Small enough to be transported in a van, the Weka Smart Fridge uses IoT sensors, the cloud and Application Program Interface (API) systems to collect real time data about each batch of vaccines and the fridge itself — monitoring everything from temperature to spoilage, staff access, GPS device location and more.
The result? Fewer financial losses caused by expired vaccines. Increased availability due to the fridge’s capacity to work despite power outages. More effective clinicians that have a full-line of site into their inventory. And most importantly, an enhanced patient experience and more saved lives through timelier, quality care.
Figure 1 shows a snapshot of the analytics dashboard via IoT sensors in a Weka Smart Fridge, indicating vaccine arrangement, type, projected expiration date and more.
Hurling is a sport that takes guts. Teams run across fields, using sticks to launch a ball traveling upwards of 100 mph into the opposition’s field goal. The ball is as hard as a baseball, and no one on the field is protected by body armor.
The sport’s level of physical demand (and frankly, good old-fashioned risk) — along with the need to understand athletic performance — inspired an IoT company in Boston to create smart jerseys for hurling coaches.
The sensor-enabled jerseys answer questions that any coach would want to know: “When are my key players exhausted?” or “Who should I take out during this play?” or “Who should replace him/her?” Using 18 different biometric factors, a machine learning model is built on each athlete during the game. Coaches are able to track everything from average, maximum and current heart rate to real-time movement on the field — all accessible via a tablet device.
Sure, this wearable technology could translate to any sport, from football to basketball and beyond. But what about other physically demanding, team-oriented undertakings — including life-or-death situations? Imagine military use of sensor-enabled uniforms that can alert medevac operations moments after a soldier is injured in combat. Real time data could reveal where that soldier is, the location of the injury and its severity, enabling faster intervention. On highly-specialized combat missions, predictive data could suggest which soldiers to send in based on overall health and past performance.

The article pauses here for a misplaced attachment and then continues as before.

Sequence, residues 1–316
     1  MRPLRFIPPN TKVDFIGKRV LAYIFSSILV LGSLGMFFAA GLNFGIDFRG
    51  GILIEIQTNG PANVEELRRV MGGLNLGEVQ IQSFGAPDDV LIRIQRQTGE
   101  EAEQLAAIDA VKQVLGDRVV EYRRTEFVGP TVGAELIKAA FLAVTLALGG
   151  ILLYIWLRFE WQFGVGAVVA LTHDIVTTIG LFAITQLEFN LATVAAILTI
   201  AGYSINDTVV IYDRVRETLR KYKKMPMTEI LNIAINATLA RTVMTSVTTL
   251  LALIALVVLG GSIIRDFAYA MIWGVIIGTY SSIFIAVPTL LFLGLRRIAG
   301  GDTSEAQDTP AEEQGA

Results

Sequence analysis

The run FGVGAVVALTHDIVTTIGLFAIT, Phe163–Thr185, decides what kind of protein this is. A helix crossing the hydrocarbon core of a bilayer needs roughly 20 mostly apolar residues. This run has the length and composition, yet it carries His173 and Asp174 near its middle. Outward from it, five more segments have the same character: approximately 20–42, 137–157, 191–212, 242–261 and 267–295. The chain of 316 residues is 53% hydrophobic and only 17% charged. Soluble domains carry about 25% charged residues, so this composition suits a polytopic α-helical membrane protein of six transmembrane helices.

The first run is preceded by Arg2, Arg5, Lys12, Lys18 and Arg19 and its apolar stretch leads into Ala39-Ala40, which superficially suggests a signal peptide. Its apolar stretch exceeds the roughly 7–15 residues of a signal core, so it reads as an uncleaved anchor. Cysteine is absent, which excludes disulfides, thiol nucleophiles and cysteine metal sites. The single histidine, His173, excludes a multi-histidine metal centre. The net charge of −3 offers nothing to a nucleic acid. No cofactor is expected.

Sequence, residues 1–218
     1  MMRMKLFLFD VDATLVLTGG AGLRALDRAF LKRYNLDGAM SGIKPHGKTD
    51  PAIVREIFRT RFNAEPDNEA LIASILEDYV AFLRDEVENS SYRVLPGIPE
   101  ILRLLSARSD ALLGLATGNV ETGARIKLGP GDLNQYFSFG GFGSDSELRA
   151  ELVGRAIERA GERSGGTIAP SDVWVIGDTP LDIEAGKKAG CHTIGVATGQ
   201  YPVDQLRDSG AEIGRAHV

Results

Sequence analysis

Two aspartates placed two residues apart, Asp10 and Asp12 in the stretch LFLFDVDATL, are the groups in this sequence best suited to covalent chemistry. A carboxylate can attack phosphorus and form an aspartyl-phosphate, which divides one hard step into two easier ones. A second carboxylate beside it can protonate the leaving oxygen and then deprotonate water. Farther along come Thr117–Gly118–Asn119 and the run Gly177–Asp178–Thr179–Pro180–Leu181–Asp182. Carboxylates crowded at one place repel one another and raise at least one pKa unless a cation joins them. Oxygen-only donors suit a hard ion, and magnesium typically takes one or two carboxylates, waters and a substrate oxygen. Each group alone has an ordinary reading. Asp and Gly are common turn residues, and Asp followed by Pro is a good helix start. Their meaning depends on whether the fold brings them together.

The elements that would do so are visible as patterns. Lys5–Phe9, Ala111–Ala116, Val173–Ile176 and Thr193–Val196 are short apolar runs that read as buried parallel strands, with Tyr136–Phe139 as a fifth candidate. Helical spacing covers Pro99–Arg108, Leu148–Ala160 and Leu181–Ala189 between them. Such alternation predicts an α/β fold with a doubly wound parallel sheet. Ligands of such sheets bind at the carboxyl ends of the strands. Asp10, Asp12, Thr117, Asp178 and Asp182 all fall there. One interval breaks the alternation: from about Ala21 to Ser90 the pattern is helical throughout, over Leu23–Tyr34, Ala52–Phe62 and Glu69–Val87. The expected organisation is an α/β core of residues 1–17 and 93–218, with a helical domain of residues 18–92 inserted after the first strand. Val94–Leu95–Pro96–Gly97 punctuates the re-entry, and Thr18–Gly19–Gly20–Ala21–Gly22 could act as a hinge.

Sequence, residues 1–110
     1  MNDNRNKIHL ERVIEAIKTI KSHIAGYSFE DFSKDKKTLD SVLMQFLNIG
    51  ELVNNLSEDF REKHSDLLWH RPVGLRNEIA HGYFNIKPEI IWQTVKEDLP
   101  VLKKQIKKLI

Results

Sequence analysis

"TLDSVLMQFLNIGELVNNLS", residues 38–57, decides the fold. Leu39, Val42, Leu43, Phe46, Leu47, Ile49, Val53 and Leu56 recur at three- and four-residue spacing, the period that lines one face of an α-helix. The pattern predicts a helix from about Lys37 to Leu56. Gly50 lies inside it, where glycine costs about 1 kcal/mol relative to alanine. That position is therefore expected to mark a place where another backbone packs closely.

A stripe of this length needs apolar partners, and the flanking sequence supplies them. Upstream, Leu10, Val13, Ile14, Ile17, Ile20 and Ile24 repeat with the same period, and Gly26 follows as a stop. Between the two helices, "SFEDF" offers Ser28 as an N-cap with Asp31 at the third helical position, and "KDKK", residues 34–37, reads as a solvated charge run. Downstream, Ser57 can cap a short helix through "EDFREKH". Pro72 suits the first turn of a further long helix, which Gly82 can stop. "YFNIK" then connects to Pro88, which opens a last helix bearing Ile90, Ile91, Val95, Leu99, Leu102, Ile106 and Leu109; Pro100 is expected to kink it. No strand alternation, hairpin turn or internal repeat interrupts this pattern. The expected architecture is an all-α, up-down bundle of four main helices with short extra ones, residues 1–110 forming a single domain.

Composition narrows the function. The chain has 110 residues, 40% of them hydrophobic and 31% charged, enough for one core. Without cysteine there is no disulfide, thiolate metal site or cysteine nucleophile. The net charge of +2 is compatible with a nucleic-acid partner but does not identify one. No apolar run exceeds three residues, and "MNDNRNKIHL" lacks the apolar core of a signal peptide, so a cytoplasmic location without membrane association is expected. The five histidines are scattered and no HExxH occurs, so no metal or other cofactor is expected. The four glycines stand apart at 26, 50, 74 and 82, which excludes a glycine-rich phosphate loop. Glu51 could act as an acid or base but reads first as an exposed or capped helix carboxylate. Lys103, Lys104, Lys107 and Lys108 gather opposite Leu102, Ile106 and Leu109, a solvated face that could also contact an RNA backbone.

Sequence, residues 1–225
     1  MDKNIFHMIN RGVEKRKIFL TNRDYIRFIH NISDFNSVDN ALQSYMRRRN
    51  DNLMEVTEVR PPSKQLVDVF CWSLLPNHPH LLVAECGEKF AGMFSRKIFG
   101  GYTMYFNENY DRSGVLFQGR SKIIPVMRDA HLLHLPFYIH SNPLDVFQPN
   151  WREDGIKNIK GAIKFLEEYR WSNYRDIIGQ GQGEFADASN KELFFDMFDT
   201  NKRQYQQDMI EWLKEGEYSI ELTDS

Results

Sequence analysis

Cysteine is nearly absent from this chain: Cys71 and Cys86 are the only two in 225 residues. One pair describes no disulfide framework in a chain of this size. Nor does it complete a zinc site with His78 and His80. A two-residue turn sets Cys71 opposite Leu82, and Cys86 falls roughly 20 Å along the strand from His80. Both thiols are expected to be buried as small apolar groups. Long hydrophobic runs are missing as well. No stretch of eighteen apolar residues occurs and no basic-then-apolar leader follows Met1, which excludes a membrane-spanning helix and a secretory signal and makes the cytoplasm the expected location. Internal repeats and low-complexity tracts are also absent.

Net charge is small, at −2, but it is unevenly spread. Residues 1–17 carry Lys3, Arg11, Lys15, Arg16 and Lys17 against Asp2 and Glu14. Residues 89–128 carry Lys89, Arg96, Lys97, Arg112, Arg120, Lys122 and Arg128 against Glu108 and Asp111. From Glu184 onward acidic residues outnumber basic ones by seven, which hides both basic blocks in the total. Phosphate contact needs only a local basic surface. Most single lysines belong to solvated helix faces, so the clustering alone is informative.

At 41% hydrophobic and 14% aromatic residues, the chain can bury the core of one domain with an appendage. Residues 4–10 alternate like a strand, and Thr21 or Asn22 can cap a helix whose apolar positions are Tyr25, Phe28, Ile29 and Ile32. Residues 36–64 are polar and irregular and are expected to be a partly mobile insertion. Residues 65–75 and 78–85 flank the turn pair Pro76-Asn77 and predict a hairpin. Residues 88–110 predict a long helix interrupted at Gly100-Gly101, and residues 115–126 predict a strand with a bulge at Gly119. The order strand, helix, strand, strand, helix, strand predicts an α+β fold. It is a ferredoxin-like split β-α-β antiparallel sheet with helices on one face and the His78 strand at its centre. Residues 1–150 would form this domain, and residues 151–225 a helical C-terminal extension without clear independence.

Taking on the IoT platform is no easy feat. Businesses must ask questions like:
Getting answers to these questions requires 1. Rethinking how customers expect to interact with you, 2. Robust evaluation of current processes, 3. Appropriate designing of solutions, and 4. Unique skillsets across the entire IoT stack to pull it all together and execute.
Weka, for example, enrolled Insight's Digital Innovation teams to plan, design and deliver via a Real-Time Business solution. Through road mapping, application design and development and modern data architecture, Insight helped translate a multitude of complex data streams coming from the Microsoft Azure platform — into an application beautiful in form and function.
And through Intel’s Retail Sensor Platform solution, Levi Strauss and Co. leveraged Intel’s IoT platform expertise to foster a collaboration that drove real business results.
Perhaps what makes the IoT most appealing is that it knows no bounds. It doesn’t discriminate against industry. Businesses control what sensors map to what products based on the experiences they want to create, and that’s where the real value lies. From racecars to jeans to life-saving vaccines, the IoT will transform industries of all sizes and purposes, solidifying its mark on the world through people-driven innovation.
So what is your business telling you? As your industry crosses the threshold into this new era, think about ways that the IoT can enhance your products and overall mission.
Our recent livestream took a deep dive into the layers of the IoT platform; experts from Insight and Intel also expanded on trends, practical application and the Weka and Levi Strauss success stories.
Stream the recording here to see what our panel revealed.